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Math Help - Derivatives, Integrals, Absolute Values Oh My!

  1. #1
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    Derivatives, Integrals, and Absolute Values, Oh My!

    This is making me feel quite stupid right now, but I have the following integral that is messing with my head
    \frac{1}{2\gamma} \int_{-\infty}^{\infty}\! \frac{d^2}{dx^2}\left[e^{-\gamma |x - y|}\right] q(y)\, dy
    Where q:\mathbb{R}\rightarrow\mathbb{R} is continuous with compact support.
    My first bit of instinct is to split the integral, because I need to know how to take that derivative. So there are two cases x < y and x>y, but how do I translate this into the limits of the integral? It seems that I would split it like so
    \frac{1}{2\gamma} \left(\int_{-\infty}^{x}\! \frac{d^2}{dx^2}\left[e^{-\gamma |x - y|}\right] q(y)\, dy + \int_{x}^{\infty}\! \frac{d^2}{dx^2}\left[e^{-\gamma |x - y|}\right] q(y)\, dy\right).
    =\frac{1}{2\gamma} \left(\int_{-\infty}^{x}\! \frac{d^2}{dx^2}\left[e^{-\gamma (x - y)}\right] q(y)\, dy + \int_{x}^{\infty}\! \frac{d^2}{dx^2}\left[e^{-\gamma (y - x)}\right] q(y)\, dy\right)
    =\frac{1}{2\gamma} \left(\int_{-\infty}^{x}\! \gamma^2e^{-\gamma (x - y)} q(y)\, dy + \int_{x}^{\infty}\! \gamma^2 e^{-\gamma (y - x)} q(y)\, dy\right)
    =\frac{\gamma}{2} \left(\int_{-\infty}^{x}\! e^{-\gamma (x - y)} q(y)\, dy + \int_{x}^{\infty}\! e^{-\gamma (y - x)} q(y)\, dy\right)

    Does this seem correct?
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  2. #2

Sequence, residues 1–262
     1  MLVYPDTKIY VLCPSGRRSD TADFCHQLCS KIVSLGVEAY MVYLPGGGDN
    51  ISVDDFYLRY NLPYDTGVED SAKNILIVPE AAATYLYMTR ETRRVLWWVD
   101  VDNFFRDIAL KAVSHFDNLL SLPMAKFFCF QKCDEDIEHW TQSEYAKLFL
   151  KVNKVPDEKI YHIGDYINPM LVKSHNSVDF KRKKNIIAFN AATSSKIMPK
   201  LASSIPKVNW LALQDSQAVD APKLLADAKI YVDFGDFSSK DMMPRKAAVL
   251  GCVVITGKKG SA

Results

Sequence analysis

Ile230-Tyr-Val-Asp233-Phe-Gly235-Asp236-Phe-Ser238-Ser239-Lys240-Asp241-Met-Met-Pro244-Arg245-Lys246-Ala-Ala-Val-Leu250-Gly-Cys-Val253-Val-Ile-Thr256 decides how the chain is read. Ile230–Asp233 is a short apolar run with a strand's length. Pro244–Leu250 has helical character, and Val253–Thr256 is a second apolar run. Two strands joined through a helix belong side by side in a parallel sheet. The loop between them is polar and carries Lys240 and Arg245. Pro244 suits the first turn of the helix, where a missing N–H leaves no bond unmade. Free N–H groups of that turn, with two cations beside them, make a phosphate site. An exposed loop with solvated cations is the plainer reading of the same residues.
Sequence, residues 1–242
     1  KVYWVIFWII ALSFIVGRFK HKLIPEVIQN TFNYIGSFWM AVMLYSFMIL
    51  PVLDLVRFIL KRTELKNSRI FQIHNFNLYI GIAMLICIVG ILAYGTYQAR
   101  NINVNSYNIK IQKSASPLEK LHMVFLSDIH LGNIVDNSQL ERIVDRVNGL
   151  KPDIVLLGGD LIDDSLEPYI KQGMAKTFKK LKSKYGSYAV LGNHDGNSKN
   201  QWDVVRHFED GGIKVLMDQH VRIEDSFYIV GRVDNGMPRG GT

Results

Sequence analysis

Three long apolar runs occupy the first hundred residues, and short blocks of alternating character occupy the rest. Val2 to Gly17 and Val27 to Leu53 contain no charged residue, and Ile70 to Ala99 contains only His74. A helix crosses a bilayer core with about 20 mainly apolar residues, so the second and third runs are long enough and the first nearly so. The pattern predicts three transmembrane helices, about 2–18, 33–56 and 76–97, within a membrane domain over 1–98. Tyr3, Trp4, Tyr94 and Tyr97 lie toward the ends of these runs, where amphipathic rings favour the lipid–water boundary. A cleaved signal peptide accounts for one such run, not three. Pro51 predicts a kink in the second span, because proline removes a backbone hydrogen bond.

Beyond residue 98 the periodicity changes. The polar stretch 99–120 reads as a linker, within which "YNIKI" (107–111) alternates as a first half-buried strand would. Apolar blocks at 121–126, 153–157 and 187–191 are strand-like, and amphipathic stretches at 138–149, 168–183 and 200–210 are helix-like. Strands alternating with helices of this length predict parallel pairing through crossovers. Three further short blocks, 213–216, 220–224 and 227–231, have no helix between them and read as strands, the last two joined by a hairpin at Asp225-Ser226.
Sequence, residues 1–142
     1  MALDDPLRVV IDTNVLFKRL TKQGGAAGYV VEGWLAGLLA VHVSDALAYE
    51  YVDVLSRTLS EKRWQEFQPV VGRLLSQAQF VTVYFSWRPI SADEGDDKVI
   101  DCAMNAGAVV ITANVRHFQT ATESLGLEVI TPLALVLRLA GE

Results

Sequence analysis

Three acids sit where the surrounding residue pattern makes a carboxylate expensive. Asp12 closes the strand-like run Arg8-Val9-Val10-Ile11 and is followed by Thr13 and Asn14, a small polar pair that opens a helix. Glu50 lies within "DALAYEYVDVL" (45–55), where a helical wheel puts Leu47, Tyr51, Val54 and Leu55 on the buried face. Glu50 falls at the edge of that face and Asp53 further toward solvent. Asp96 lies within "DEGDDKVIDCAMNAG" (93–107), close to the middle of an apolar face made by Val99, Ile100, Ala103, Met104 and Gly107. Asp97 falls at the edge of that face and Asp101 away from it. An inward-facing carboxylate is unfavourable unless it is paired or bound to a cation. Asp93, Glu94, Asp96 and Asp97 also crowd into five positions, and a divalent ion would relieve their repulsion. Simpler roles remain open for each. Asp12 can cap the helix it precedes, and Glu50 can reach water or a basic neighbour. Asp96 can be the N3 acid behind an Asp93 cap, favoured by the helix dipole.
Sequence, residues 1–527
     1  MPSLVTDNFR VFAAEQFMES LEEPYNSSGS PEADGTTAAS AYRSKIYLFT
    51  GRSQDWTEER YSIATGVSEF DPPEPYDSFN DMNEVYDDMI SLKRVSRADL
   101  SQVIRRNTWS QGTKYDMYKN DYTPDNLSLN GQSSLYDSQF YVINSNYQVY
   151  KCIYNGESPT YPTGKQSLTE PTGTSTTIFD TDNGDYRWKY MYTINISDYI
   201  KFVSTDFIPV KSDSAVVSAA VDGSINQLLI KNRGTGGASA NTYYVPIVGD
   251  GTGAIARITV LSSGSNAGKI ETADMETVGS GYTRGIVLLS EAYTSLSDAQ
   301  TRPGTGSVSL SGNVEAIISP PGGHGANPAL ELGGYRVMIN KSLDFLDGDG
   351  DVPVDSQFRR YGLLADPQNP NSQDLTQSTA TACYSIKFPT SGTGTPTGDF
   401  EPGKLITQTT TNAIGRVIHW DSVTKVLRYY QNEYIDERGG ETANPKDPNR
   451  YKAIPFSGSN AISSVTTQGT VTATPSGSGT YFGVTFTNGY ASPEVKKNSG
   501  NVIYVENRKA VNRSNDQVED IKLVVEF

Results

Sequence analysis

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    Looks good to me so far.
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  3. #3
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    I was hoping it didn't. I guess I will post the whole problem.

    Show that
    u(x) = \frac{1}{2\gamma}\int_{-\infty}^{\infty} e^{-\gamma |x - y|}q(y)\, dy
    satisfies
    -u''(x) + \gamma^2 u(x) = q(x).
    What I end up getting in the end is  0 = q(x) instead of q(x) = q(x).

    Now my question is miscategorized. lol
    Last edited by lvleph; July 26th 2010 at 08:46 AM.
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  4. #4
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    Well, show what you get when you plug in the derivative and the original function u(x) into your DE.
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  5. #5
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    -u'' + \gamma^2 u = -\frac{d^2}{dx^2}\left(\frac{1}{2\gamma}\int_{-\infty}^{\infty}\! e^{-\gamma|x-y|} q(y)\, dy\right) + \gamma^2\left(\frac{1}{2\gamma}\int_{-\infty}^{\infty}\! e^{-\gamma|x-y|} q(y)\, dy\right)
    = -\frac{1}{2\gamma}\int_{-\infty}^{\infty}\! \frac{d^2}{dx^2}\left[e^{-\gamma|x-y|}\right] q(y)\, dy+ \frac{\gamma}{2}\int_{-\infty}^{\infty}\! e^{-\gamma|x-y|} q(y)\, dy